8.26.2007

Young Black Men

A few years back, I took a bunch of kids from our youth program to
visit some local colleges. We visited a commuter school, a liberal
arts school, a Christian school, and a HBCU. At the HBCU, one of the
young men in my program pulled the male tour guide aside and asked
about the young women on campus. (I remember asking the exact same
question when I was his age!) The tour guide explained that the
campus was 90 percent female, so the odds were good.

It struck me at that moment what a profound crisis we are in the midst
of in our big cities as it relates to our young black men. For while
I knew women are the majority on all campuses, and suspected the
imbalance was even greater at HBCUs, the fact that there are nine
women for every man on campus - while perhaps good news for the young
man in my program - was a very, very clear sign of the problem facing
young urban black men.

This week's Philadelphia Weekly has a nice piece about a Washington
Post book called "Being a Black Man: At the Corner of Progress and
Peril." The author concludes his review of this new title by
encouraging all Philadelphians to pick it up: "Everyone in
Philadelphia needs to read Being a Black Man. Especially those who
write to me to ask mockingly, 'Why y'all keep killing each other?',
who see the city's violence as a black problem, who think racism is a
thing of the past, who fail to understand the complexity and humanity
of black men, and who accept their peril, and never fathom their
success. Maybe then black men would evolve in our consciousness into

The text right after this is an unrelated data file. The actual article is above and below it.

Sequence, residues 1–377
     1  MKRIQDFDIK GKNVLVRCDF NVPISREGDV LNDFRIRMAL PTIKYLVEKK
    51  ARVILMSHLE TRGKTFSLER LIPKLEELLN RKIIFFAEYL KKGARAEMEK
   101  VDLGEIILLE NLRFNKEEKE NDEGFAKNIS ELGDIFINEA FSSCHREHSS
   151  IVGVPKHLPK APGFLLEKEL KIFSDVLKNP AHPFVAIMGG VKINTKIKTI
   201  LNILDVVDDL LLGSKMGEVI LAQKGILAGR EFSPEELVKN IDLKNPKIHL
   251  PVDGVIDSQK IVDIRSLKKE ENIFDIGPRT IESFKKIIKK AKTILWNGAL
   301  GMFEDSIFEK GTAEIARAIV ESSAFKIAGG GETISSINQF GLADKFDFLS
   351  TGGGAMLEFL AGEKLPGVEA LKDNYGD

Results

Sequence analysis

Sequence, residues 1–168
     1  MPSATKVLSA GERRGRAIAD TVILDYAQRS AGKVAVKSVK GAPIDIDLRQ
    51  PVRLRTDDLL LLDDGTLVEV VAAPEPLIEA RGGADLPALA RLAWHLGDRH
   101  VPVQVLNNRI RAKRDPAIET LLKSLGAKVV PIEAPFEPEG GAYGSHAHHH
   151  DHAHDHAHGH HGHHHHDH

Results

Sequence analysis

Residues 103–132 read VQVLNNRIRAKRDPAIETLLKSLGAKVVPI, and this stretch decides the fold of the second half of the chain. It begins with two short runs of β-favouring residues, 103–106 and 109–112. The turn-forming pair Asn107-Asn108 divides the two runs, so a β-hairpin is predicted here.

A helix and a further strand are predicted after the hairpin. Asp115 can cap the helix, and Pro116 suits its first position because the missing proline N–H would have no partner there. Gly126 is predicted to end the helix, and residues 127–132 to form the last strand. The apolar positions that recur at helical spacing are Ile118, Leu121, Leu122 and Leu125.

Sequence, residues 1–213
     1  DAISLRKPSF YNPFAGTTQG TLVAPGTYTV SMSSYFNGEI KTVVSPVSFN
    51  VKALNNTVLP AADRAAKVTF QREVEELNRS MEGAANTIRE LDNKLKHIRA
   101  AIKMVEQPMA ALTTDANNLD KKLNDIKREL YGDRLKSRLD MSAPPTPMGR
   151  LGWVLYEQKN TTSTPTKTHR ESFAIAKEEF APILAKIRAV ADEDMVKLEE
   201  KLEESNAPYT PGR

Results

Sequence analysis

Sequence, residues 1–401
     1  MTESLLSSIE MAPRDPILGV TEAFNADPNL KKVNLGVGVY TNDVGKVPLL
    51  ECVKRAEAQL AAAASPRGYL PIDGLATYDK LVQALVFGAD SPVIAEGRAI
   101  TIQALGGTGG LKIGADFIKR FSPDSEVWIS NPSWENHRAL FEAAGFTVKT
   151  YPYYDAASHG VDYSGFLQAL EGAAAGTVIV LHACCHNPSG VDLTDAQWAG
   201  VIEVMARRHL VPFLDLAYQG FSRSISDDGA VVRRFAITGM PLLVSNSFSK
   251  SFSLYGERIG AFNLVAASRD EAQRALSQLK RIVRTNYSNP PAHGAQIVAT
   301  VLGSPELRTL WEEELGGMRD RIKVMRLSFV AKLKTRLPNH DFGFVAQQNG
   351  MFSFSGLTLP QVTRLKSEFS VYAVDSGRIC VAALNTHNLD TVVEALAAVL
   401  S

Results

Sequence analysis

something valuable."

When she was in college, my wife, who is Caucasian, decided to take an
African-American studies class with her white friend. They were
dismayed to find out on the first day of class that they were the only
non-black students in the class. It shouldn't be so, for the ones who
most need to get educated about the African-American experience (or
the Asian-American or Latino or women's or gay or whatever experience)
are those who do not themselves have to live it every day of their
lives.

For the second year in a row, the murder count in Philadelphia is
averaging more than one a day. A vast majority of the killers and the
killed are young black men. For that very reason, too many of us have
remained unmoved, maybe even a little smug. At best, many of us
express discomfort, the sense that something is not quite right, that
it is beginning to encroach into our bubbles, that our consciences
tell us we ought to feel something.

What we should be feeling is outrage. If we can summon feelings about
the Michael Vick case because of a sympathy for dogs, what is the true
assessment of our value of the young black man if we have calmer or no
feelings about their untimely deaths?

Michael Nutter was criticized for calling himself "an outraged black
man" over the violence in our city, and other politicos are similarly
accused of pandering to votes when they chime in on the subject.
Whether they are or aren't, perhaps we should stop tsk-tsking public
figures for expressing anger and start tsk-tsking ourselves for not
joining them.

http://www.phillyweekly.com/articles/15279

Post a Comment